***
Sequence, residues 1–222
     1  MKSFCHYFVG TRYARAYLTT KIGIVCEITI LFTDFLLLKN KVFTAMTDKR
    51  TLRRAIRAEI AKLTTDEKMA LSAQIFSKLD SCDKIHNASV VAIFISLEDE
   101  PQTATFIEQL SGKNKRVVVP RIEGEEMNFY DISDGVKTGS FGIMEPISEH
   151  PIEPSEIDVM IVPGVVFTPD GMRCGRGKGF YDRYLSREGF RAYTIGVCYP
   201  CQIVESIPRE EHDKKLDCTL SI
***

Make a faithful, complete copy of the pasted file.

Sequence, residues 1–222
     1  MKSFCHYFVG TRYARAYLTT KIGIVCEITI LFTDFLLLKN KVFTAMTDKR
    51  TLRRAIRAEI AKLTTDEKMA LSAQIFSKLD SCDKIHNASV VAIFISLEDE
   101  PQTATFIEQL SGKNKRVVVP RIEGEEMNFY DISDGVKTGS FGIMEPISEH
   151  PIEPSEIDVM IVPGVVFTPD GMRCGRGKGF YDRYLSREGF RAYTIGVCYP
   201  CQIVESIPRE EHDKKLDCTL SI